Agricultural Literacy Curriculum Matrix
The Seed Match
K - 2
Students investigate where food comes from, the parts of plants that we eat, and the difference between fruits and vegetables.
12 hours per activity divided over 2 days
Interest Approach — Engagement
Activity 1: The Seed Match
- The Seed Match activity sheet
- Crayons or colored pencils
- Paper plates and paper towels
- Cutting utensil (for instructor only)
- Food plants for investigation (1 of each per student or pair of students): peanut (in the shell), small squash, apple, bell pepper, strawberry, kiwi, wheat (available for purchase), and an edamame pod (found most often in the freezer section at local grocers)
Activity 2: Where Do They Grow?
- Tops & Bottoms by Janet Stevens
- Where Do They Grow? activity sheet
- Crayons or colored pencils
Essential Files (maps, charts, pictures, or documents)
fruit: the part of a plant that develops from the flower and contains the seeds of the plant
vegetable: any edible part of a plant that does not contain seeds
Did You Know? (Ag Facts)
- 90% of the plants on Earth are flowering plants.1
- Flowering plants produce fruits.1
- Seeds can stay dormant for a long time; the oldest known seed to sprout was more than a thousand years old.1
Background Agricultural Connections
Plants are an important part of our everyday lives. We need them to make oxygen, and they provide food and fabric so that we can have something to eat and something to wear. They also provide shelter, and they can even be used to make fuel for transportation. In some way, we use every plant part that there is. We eat the roots of some plants, the leaves of other plants, and we eat the fruit of many plants. It is seldom that we eat the entire mature plant. Usually when we eat plants, we call them either fruits or vegetables.
The botanical definition of a fruit is the part of a plant that develops from the flower and contains the seeds of the plant. The fruit covers and protects the seeds. A fruit may have fleshy or dry tissue. The definition of a vegetable (which is not a botanical term) is any edible part of a plant that does not contain the seed. Vegetables are usually the roots, stems, or leaves of the plant. In many cases these definitions do not match our cultural categorization of fruits and vegetables, which is generally based on whether the edible portion of the plant is sweet (fruit) or not sweet (vegetable).
Vegetables generally come from vegetative parts of plants. For example, lettuce and spinach are leaves, carrots and beets are roots, and broccoli and cauliflower are immature flowers. Other plant parts are more difficult to identify. Potatoes are not roots; rather, they are swollen underground stems (tubers). Onion bulbs are composed of modified stems and swollen leaves. The roots (which are not eaten) are attached at the base of the bulb.
Seeds are found inside the fruit of plants. A seed has a hard, protective outer coat (seed coat), and inside a seed is a baby plant (embryo) surrounded by its food supply (cotyledon or endosperm). Sometimes we eat the seeds of a plant, like when we eat corn, peas, beans, rice, wheat, and nuts.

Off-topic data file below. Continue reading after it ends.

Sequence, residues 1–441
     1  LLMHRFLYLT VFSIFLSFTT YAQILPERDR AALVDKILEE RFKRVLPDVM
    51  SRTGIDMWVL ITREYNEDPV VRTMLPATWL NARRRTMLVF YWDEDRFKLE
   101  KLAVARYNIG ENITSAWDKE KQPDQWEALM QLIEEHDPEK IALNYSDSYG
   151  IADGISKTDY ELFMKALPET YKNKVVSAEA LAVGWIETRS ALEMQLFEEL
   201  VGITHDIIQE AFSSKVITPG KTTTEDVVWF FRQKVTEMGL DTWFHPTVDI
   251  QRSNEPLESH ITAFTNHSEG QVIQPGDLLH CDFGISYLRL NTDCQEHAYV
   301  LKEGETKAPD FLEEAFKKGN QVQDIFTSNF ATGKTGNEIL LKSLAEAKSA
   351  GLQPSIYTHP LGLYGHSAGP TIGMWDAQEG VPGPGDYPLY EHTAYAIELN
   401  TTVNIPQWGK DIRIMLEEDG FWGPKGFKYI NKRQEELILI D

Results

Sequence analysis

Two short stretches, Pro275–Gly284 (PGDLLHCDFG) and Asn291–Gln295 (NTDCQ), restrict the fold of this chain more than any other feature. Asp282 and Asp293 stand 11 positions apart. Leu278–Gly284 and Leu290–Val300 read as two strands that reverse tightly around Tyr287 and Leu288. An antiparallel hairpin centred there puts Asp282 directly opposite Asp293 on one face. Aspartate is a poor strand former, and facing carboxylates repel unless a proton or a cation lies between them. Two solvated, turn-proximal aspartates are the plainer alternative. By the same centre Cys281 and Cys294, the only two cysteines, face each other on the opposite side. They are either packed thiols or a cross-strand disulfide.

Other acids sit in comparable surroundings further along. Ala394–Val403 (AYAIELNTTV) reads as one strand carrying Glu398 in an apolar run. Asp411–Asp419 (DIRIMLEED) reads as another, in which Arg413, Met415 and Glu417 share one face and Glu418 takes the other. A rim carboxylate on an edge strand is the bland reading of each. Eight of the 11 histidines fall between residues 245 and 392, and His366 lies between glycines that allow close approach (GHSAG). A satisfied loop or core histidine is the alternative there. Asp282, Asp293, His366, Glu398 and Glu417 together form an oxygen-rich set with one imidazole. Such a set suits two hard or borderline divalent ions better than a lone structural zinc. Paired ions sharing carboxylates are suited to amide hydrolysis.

Seeds are important. They are the means by which plants reproduce. In order for fruit and seeds to form, the flower of the plant must first be pollinated. Seeds come in a variety of sizes, shapes, and colors. As a seed sprouts, the parts of the plant develop. The roots, the underground part of the plant, take up water and minerals (nutrients needed for growth). The stem supports the leaves and flowers. The leaves capture energy from the sun for the plant (photosynthesis) and contain tiny holes or pores that allow moisture and air to move in and out of the plant.
Some students do not know that we eat plants. Others will have an understanding that we eat plants like fruits and vegetables to stay healthy, but they may have limited knowledge about what parts of plants we eat, why they are categorized as fruits or a vegetables, or what farmers have to do to grow them. This lesson will help students investigate and observe fruits and vegetables to learn about the parts of plants and the basic needs of living things.
Interest Approach - Engagement
- Ask students to tell you what some of their favorite fruits and vegetables are or to name some that they commonly eat. Write these on the board, and tell students that you will come back to them later.
- Next, ask if they can tell you where fruits and vegetables come from.
- Tell students that they’re going to see Big Bird find out where fruit and vegetables come from. Show the video Sesame Street: Big Bird Visits a Farm (3:48 min).
- Use some or all of the following questions to discuss the video:
- Where do fruits and vegetables come from? (plants grown on farms)
- Do fruits and vegetables just grow on farms? (no, farmers have to plant seeds that will grow into the plants that produce fruits and vegetables)
- What kinds of things do you think farmers do after planting seeds to make sure that their fruits and vegetables grow well and make it to market? (water the seeds, water the growing plants, provide nutrients from compost or fertilizer, remove the weeds that compete for sunlight, harvest the fruits and vegetables when they are ready, etc.)